Perfumes Art, Science and Technology By Muller, P.M., Lamparsky, D. (Eds.)

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Art, Science and Technology

Muller, P.M., Lamparsky, D. (Eds.)

1994, VIII, 658 pages

The idea of publishing this book on Perfumes: Art, Science and Technology grew out of the observation that, on the verge of the 1990s, there was really no state-of-the-art compilation of the relevant know-how on which the fragrance industry is based. It was obvious that such a compilation would be well received, not only by perfumers and fragrance chemists, but also by those involved in related trade and marketing or in the development and distribution of consumer products, by researchers from other fields, by students and, finally, by amateurs of perfumes in general. Therefore, we set out to find competent authors who were willing to contribute to the endeavour, and we did not do this unselfishly; on the contrary, we selected a wish-list of specialists who would provide us with new insight and characterize the trends and research priorities determining the future. Thus, we were counting on learning much ourselves in the course of the project. We were more than pleasantly surprised by the reactions to our first letter-and so was Elsevier. We certainly had not expected perfumers who are usually much more 'doers' than 'writers' to react in such an enthusiastic way; especially, the spontaneous affirmative answer from the famous E. Roudnitska created a momentum which contributed significantly to the successful comple­ tion of this book. But, of course, we should not create the impression that the other authors' chapters are less important, and we thank all of them heartily for their invaluable effort.




I: Perfumery as An Art.
Chapter 1: The Art of Perfumery.

II: Perfumery as A Topic in Life Sciences.

Chapter 2: Odours and Perfumes as a System of Signs.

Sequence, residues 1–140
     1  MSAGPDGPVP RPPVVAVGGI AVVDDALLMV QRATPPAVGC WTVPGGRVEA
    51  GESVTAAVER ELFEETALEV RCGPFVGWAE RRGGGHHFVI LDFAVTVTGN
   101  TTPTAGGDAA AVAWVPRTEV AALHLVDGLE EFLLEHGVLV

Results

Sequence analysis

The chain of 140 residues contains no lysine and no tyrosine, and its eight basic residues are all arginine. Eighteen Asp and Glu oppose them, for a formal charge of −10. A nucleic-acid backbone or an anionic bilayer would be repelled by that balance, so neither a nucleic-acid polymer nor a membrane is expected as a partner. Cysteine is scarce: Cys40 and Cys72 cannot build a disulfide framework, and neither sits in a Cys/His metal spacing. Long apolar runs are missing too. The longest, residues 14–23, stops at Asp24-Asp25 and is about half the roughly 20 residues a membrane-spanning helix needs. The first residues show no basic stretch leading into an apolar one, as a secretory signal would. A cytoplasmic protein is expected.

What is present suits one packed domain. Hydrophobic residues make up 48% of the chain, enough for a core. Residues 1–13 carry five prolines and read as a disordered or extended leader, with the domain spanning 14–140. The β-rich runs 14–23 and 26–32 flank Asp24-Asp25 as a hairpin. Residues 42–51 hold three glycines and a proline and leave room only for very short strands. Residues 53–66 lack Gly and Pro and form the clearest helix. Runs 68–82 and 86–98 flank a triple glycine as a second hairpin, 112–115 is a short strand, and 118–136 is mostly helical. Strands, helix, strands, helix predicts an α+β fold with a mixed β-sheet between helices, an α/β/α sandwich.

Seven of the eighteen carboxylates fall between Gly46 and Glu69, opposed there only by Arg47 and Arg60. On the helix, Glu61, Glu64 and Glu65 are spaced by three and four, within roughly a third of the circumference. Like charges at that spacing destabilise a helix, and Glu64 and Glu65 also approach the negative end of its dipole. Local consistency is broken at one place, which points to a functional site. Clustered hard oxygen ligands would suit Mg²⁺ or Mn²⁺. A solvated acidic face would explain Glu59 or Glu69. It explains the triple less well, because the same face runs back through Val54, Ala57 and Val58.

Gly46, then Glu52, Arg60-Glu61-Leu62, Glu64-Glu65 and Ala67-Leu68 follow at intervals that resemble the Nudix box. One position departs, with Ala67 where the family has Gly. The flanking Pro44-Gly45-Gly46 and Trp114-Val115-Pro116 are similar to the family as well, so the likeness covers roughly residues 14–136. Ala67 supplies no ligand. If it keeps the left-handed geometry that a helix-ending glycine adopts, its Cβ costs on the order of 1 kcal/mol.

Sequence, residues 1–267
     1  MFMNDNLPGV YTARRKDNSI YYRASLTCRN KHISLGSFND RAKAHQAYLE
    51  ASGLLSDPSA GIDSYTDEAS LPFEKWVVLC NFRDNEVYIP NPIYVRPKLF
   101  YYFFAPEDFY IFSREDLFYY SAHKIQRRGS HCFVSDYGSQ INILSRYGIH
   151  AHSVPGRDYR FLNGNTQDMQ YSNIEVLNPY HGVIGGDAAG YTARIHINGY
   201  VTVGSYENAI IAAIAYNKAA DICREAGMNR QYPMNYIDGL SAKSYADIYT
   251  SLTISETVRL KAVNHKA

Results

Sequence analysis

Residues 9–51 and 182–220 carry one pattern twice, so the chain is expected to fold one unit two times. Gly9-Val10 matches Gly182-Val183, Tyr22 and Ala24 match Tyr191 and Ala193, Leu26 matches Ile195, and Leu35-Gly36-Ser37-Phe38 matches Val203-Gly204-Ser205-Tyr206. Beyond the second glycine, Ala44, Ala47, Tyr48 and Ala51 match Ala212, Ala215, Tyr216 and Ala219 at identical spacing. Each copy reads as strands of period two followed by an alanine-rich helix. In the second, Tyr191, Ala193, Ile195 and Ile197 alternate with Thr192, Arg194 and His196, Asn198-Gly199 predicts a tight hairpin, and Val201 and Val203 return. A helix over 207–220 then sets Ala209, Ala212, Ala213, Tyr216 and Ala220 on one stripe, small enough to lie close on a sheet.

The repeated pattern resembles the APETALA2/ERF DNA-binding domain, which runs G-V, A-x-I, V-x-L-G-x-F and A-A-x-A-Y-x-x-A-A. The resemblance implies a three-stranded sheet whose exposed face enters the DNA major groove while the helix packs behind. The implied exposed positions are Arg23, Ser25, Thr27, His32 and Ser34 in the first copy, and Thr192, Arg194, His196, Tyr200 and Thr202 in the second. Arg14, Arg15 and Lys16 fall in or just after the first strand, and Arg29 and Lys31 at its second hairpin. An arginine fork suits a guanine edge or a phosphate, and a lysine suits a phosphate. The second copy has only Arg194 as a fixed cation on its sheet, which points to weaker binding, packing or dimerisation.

Chapter 3: Semiochemicals: Mevalogenins in Systems of Chemical Communication.

Chapter 4: Origin of Natural Odorants.

Chapter 5: A Consideration of Some Psychological and Physiological Mechanisms of Odor Perception.

- III: Trapping and Measuring of Odours.

Chapter 6: The Measuring of Odors.

Chapter 7: Trapping, Investigation and Reconstitution of Flower Scents.

- IV: Classification of Odours.

Chapter 8: Empirical Classification of Odours.

Chapter 9: Chemical Classification and Structure—Odour Relationships.

- V: Compository Techniques and Application Segments.

Chapter 10: Creative Perfumery: Composition Techniques.

Chapter 11: Support Materials for Odorant Mixtures.

Chapter 12: Perfumery Applications: Functional Products.

Chapter 13: The Impact of Market Research.

- VI: Production of Perfumes.

Chapter 14: The Chemistry of Synthetic Raw Materials Production.

Chapter 15: Compounding.

Chapter 16: The Toxicology and Safety of Fragrances.

Chapter 17: The Fragrance Industry in a Changing World.

- VII: Topics in Perfumery Research.

Chapter 18: Receptors: Current Status and Future Directions.

Chapter 19: Natural Products.

Chapter 20: Synthetic Products.

- Outlook.

- List of Contributors.



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